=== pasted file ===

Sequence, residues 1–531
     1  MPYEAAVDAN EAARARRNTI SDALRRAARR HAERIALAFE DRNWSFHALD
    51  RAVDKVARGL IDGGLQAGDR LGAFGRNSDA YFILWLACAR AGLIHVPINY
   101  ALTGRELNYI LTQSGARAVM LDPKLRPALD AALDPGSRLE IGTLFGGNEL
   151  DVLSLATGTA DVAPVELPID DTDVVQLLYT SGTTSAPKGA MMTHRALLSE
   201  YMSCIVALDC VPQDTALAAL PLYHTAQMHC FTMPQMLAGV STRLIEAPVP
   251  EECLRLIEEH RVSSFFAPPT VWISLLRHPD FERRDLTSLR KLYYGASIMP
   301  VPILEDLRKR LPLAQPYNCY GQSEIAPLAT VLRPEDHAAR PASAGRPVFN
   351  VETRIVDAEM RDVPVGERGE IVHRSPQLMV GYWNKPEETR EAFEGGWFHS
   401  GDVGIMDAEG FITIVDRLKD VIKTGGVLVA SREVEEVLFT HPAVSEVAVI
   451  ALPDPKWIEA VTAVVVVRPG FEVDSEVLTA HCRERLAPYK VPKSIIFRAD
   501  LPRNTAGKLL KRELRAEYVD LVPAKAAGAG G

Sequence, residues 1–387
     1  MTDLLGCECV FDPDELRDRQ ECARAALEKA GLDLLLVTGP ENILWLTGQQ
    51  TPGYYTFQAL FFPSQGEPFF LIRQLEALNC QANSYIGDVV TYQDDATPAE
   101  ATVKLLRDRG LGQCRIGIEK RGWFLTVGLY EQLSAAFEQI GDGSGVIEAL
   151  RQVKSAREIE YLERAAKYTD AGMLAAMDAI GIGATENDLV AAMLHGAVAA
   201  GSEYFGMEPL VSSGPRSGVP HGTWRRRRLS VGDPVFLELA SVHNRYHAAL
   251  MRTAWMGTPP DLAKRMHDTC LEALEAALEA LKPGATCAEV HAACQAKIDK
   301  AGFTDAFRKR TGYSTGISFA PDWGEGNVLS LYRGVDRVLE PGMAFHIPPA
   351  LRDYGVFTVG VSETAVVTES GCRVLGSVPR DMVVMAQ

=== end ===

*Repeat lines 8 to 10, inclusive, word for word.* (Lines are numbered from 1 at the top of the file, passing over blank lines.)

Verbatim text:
   301  VPILEDLRKR LPLAQPYNCY GQSEIAPLAT VLRPEDHAAR PASAGRPVFN
   351  VETRIVDAEM RDVPVGERGE IVHRSPQLMV GYWNKPEETR EAFEGGWFHS
   401  GDVGIMDAEG FITIVDRLKD VIKTGGVLVA SREVEEVLFT HPAVSEVAVI